I piled up the filling in the center of the mold, and it immediately started trying to escape at the weakest point of the Jell-O ring. The washed-out colors of the canned fruit were not enhanced or helped in any way either by being mixed with Dream Whip and marshmallows or in contrast to the red Jell-O. The whole thing looked incredibly depressing.
Fittingly, we ended up tasting Ring Around the Fruit Mold after dinner while watching the second disk of the second season of Ash vs. the Evil Dead, the episodes where Ash is in the abandoned asylum having his head messed around by
Bill Baal. As I dished it out, it occurred to me that it was like something that might be served as a special holiday treat on a psychiatric ward. This recipe tasted at least as depressing as it looked. The Jell-O wasn’t so bad, but the filling was intensely disappointing. I expected it to be kind of like ambrosia salad, but it wasn’t. At all. The texture of the fruit cocktail was particularly creepy mixed with Dream Whip and in contrast with the marshmallows and nuts. Maybe more marshmallows would have helped. Probably not.
I may have to make a bonus contribution to Action Against Hunger this week, because I will be very surprised if we eat any more of this one.
Virgin Recipe: Dream Parfait
feat. Bonus Jell-O: Watergate Salad
Well, this was another of those weeks that feel almost eternal. I don’t even remember last weekend, it seems like such a long time ago. Leftover pecans and Whipped Cream Mayonnaise were the only evidence that I could find that the weekend after Thanksgiving actually happened. Wait, what? Was Thanksgiving really only a week and a half ago?
Today I finally tossed that Whipped Cream Mayonnaise, and I was happy to have the pecans because I used them in another Jell-O recipe. But before I get ahead of myself, let’s take a quick look at today’s regularly scheduled Jell-O.
Number five on the New Joys of Jell-O countdown is our final recipe from Especially for Junior Cooks, Dream Parfait. There isn’t a lot to say about this one. It’s strawberry Jell-O layered in a tall dessert glass with prepared Dream Whip. That’s it. Make the Jell-O per the directions on the box, chill until it’s thick and jiggly but not quite set, and layer it in glasses with Dream Whip.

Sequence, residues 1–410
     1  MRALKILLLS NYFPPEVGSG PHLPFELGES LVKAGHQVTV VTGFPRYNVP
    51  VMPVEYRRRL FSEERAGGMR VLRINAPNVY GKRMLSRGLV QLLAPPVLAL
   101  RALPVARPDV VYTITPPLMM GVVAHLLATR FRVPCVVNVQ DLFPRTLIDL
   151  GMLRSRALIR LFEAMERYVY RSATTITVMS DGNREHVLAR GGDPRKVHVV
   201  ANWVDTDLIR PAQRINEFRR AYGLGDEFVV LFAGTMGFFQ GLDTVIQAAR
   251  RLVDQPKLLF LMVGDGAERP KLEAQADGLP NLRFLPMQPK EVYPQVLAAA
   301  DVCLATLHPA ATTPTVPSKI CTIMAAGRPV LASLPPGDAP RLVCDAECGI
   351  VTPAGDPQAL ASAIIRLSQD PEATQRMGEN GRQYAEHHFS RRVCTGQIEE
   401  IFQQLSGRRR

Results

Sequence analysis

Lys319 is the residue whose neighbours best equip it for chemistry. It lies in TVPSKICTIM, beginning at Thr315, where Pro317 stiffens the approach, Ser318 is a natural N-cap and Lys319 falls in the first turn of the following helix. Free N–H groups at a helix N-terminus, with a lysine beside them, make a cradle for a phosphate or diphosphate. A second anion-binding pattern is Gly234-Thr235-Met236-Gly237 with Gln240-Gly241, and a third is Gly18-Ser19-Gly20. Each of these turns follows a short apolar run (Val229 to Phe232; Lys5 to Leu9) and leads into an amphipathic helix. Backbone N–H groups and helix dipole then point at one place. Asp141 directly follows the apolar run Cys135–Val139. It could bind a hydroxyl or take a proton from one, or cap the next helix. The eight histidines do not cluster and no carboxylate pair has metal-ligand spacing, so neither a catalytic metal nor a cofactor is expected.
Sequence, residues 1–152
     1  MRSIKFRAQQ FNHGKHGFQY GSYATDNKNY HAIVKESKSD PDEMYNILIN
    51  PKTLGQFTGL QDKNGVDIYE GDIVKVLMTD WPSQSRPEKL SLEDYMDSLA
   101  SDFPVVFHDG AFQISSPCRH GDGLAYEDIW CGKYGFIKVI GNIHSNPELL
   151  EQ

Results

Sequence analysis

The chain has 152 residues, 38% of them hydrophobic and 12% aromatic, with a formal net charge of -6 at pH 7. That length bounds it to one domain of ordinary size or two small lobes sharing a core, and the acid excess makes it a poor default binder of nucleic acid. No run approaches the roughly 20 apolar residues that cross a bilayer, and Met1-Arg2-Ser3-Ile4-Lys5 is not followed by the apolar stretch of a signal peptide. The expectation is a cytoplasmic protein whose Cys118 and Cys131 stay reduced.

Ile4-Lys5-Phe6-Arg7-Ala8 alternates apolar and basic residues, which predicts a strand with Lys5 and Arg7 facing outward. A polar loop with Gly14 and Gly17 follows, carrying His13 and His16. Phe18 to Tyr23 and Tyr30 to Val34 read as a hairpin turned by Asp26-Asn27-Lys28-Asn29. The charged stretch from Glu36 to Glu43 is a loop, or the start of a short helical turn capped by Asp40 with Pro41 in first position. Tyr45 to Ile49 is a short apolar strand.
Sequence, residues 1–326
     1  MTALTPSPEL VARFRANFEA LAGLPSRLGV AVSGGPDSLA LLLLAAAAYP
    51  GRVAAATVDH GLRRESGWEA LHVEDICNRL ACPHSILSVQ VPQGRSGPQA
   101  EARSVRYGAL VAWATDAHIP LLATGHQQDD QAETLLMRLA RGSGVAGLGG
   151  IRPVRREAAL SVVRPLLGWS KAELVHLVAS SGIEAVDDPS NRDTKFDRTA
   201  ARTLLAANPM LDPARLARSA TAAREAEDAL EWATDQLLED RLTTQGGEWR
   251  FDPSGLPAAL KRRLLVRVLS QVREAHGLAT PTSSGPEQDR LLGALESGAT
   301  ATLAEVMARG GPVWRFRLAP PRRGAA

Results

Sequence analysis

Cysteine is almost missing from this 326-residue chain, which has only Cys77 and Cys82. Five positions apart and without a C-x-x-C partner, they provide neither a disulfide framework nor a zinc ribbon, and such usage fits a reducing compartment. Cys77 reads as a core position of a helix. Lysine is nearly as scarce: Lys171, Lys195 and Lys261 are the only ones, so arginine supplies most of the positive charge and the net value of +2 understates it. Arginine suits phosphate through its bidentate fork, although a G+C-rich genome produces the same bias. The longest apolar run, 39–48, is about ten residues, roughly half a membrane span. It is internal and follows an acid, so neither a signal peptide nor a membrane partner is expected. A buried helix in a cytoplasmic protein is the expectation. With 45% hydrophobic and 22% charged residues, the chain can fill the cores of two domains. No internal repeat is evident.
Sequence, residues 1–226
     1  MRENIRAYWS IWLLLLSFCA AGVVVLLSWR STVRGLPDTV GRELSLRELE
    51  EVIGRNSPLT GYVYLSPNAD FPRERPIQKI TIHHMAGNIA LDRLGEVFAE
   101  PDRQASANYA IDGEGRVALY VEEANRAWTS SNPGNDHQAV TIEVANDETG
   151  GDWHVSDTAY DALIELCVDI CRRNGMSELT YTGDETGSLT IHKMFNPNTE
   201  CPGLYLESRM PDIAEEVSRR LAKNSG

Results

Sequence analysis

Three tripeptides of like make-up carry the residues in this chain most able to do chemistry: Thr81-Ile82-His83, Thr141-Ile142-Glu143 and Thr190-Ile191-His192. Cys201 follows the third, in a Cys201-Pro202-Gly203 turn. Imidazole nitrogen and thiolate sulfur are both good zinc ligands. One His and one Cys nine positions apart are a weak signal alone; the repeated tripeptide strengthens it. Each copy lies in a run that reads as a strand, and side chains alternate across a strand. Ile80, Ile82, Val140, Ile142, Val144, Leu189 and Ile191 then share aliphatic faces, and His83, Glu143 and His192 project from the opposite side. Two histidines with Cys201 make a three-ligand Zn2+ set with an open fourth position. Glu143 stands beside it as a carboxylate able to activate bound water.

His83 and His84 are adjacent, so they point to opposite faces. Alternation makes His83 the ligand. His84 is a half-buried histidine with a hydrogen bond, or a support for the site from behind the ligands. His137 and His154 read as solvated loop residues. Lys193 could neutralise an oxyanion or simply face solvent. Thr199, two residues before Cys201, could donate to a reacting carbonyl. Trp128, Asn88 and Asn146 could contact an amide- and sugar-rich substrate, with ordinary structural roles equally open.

I started this one after getting back from the gym this afternoon. I made the Jell-O right away, before changing out of my workout clothes, and popped it in the fridge, figuring I’d come back later, make the Dream Whip, and finish chilling the gelatin over an ice water bath. I ended up leaving the Jell-O in the refrigerator for about two hours, and was surprised to find it nearly set (contrary to the directions on the box, which say it takes four hours). I’m not complaining, as that saved me a bit of bother rather late on a Sunday afternoon. My only other observation is that while this is quite easy to make, it’s a little less so from a food styling perspective. I wish I had put the Dream Whip in a piping bag, because it was difficult to just spoon it in to get neat-looking layers.
It tasted fine. It’s strawberry Jell-O and cream – of course it did.
I wasn’t planning on doing an extra recipe this weekend, but then on Friday, while I was reading all the news about Michael Flynn’s plea deal, I ran across a tweet that Kraft Foods had posted the night before:
Watergate Salad? On a day when a major event in this generation’s “Stupid Watergate” was unfolding? What kind of weird coincidence was that? So of course I had to make it.